Against this background, and the 'four well-beings' power of general competence (Sec 10(2) LG Act 2002) it is only to be expected that there is little to no hope of effectively managing increases in Council spend, let alone reducing it. Bureaucracies are remunerated by numbers of staff managed - a built-in growth incentive. It simply hasn't occurred to any of them that there might be Limits to Growth. Or that (as in the older models) significant pools of expertise lie outside the staff echelons, can be tapped for free via committees and co-options, and can thus serve the dual purposes of keeping community connections, and deepening the intellectual horsepower brought to discussions.
So the article's fond hope that "We should always demand that local government runs the ruler across all spending" is quite impracticable, and has been increasingly so for three decades. We are all strapped to the Rates Rocket, every year the uplift increases, and few of us have any trust left in the edifice it's funding.
Maybe the WuHuFlu might be a circuit-breaker in this dismal progression. Maybe the engineers and other unexcitable types on staff might club together and persuade the Event Managers, Tourism Promoters, Community Engagement Fluffballs, and all the rest of the 'Social and Cultural Well-being' parasites, to gracefully yield their comfortable, secure and marginally useful positions in order to fund the unexciting requirements like sewer replacements, well-head securing, bridge strengthening, and public building earthquake-hardening.
But I wouldn't bet the rating tax base on That happening in my remaining lifetime.....

As with the DHB's I think there may well be a Great Reset of the number and distribution of authorities - Councils, Regional's etc. It's simply nuts to have small authorities, each with their own fiercely guarded C-suite, systems, Plans etc - all somewhat inconsistent with each other (District Plans....) - all claiming to be Diffrunt, Speshull, and thus entitled to defend their fiefdoms until Kingdom Come. Whereas in the commercial space, large verticals and franchises tend to have a single shared or multi-tenanted set of systems, extensive supply-chain links via EDI, superb logistics etc. I did some work for a well-known retailer a decade ago, and at that stage, they were doing a weekly forecast of sales for every SKU (around 10,000) in every product category across 100 stores, 3 countries and 3 currencies, complete with expected delivery dates from logistics, landed costs, margin, and local RRP. Councils and DHB's may be able to approach this sort of performance in the best examples, but I suspect the majority are still emailing Excel workbooks around.

One of the saddest aspects of the post-1989 TLA environment is the complete shutting-out of ordinary folks from the business of maintaining their own tiny pieces of the puzzle. In a former life, as well as being a Councillor on the Otautau (pop 3,000) Town Council, I was on the roster of volunteers who ran the local swimming pool. As a County Treasurer, I attended numerous meetings of committees for Water Races, Reserves, Halls as well as the usual Council committees and sub-committees. These all served the dual purpose I outlined above: keeping strong roots in the communities they served, and adding on-the-ground expertise and voices. Nothing like this now exists, and one obvious result is the complete disconnect between the behemoth Councils and the populations they serve. It doesn't take degrees in horticulture to maintain a local garden, keep a local reserve mowed, trees trimmed etc.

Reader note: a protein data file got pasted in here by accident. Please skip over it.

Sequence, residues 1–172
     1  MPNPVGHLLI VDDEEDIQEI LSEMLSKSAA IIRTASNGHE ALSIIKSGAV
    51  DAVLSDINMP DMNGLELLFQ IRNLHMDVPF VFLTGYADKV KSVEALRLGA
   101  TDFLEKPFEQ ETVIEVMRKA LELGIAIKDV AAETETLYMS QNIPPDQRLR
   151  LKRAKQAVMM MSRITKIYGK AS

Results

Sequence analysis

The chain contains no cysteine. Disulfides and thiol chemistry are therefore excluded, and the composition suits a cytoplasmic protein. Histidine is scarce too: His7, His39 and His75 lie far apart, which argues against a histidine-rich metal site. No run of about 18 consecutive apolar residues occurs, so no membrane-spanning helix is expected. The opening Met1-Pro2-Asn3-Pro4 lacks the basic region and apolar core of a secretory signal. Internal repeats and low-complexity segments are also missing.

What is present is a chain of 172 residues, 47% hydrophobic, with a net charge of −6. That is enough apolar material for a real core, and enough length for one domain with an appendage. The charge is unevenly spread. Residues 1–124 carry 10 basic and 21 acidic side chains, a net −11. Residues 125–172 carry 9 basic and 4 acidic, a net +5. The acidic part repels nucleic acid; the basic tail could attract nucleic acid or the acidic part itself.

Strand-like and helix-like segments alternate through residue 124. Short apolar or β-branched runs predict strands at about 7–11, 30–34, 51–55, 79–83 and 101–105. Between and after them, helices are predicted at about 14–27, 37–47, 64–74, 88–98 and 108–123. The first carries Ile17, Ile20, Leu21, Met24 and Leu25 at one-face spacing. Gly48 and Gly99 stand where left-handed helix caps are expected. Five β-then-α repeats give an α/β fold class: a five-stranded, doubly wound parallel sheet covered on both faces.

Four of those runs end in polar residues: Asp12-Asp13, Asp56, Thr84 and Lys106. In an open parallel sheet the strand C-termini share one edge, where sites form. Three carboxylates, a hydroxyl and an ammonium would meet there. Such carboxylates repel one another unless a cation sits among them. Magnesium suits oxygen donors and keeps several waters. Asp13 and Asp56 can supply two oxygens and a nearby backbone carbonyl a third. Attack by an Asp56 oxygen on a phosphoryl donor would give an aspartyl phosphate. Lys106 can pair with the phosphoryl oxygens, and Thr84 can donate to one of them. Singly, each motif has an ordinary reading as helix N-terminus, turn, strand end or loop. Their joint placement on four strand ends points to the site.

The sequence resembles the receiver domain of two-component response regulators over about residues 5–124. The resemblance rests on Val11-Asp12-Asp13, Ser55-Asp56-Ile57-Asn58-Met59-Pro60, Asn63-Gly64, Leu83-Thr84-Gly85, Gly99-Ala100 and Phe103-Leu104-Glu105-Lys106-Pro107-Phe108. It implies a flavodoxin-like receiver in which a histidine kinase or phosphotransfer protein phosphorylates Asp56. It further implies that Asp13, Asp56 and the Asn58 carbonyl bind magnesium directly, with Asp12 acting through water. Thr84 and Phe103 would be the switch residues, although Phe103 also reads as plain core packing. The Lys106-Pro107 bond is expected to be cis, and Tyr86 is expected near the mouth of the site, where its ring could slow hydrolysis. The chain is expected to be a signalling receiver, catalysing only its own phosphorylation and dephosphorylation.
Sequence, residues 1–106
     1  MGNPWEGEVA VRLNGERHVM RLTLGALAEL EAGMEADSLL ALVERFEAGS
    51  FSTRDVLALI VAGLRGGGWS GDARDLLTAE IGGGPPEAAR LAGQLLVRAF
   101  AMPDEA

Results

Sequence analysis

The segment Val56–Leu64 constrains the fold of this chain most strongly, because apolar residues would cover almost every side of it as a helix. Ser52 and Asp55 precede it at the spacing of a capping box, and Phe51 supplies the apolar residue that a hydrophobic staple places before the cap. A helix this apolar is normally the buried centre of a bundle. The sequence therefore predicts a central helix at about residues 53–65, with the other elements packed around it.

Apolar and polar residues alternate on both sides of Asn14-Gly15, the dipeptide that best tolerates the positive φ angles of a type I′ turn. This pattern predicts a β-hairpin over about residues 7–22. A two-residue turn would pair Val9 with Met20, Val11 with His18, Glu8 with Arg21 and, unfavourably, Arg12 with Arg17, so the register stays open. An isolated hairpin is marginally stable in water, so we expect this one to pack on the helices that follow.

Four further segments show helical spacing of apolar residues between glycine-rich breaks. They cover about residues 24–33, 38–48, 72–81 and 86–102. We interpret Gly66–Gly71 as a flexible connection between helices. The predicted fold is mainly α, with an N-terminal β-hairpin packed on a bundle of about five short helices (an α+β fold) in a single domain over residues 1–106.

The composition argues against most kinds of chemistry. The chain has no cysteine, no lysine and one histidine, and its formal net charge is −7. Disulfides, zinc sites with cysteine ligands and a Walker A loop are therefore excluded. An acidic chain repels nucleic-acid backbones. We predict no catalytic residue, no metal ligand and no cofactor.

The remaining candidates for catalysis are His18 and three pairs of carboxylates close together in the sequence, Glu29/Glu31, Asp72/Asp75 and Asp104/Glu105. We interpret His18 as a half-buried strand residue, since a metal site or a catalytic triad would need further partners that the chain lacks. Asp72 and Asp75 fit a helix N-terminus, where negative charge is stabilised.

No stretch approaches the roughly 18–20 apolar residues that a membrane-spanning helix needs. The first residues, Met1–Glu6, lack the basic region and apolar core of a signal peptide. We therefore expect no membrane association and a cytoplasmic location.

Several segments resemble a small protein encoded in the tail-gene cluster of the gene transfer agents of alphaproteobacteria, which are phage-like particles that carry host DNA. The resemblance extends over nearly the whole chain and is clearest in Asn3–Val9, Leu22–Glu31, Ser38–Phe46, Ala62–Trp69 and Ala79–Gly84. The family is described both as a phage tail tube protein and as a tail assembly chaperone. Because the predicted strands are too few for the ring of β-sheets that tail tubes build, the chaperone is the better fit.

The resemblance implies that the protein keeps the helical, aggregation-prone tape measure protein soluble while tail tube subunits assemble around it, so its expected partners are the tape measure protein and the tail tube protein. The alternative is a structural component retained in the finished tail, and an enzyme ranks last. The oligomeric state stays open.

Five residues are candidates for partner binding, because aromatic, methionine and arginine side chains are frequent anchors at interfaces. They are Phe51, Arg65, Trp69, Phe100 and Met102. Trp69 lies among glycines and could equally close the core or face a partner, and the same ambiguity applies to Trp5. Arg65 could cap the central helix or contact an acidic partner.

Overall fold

Time for a re-connection.

Monday, April 20, 2020

Green's High-Speed Rail dreams

Well, the Greens have come up with a $9 billion plan to electrify the main trunks (NI plus SI) at least around the major cities and get high-speed (160km/hr), high-frequency-of-service trains running.
At an electricification cost per km of around $USD10m/km, that $NZD9B will extend electrification for 450 km at a USD/NZD rate of 0.50.
But I suspect the proposal has at least five deep flaws:
  1. To let pax rail run in two directions, double-tracking is needed. That's probably north of $50m/km. Christchurch is the testbed here: there's no double-tracking, few passing sidings, no stations, no pax-capable signalling, and so on. Even if a slew of passing sidings is posited, that's gonna reduce that 160km/hr max speed to maybe a 60-80km/hr average. Not that much different to a bus or car. Suppose (say) a 15min frequency for three hours twice a day, over a 70km single trip at 70km/hr, and assuming instant turnarounds, that needs four trains per direction per hour on that trip. That's three or four crossings if single-track for the returning units.
  2. Stations, signalling, ticketing, and meshing with last-mile services. No use turning up at the nearest station to your workplace (like Christchurch Airport freight ops) and finding you have 8-10km still to go and no last-mile PT. All this stuff is expensive, and uncosted, I suspect.
  3. Electrification is absent in the middle third of the NI, and absent from the SI except for heritage stuff through the Arthur's Pass tunnel. By no coincidence, these are the very parts that are toughest to electrify at all: tunnels, bridges, tight curves, high (for rail) gradients). The cost/km is likely to be an order of magnitude higher in these areas.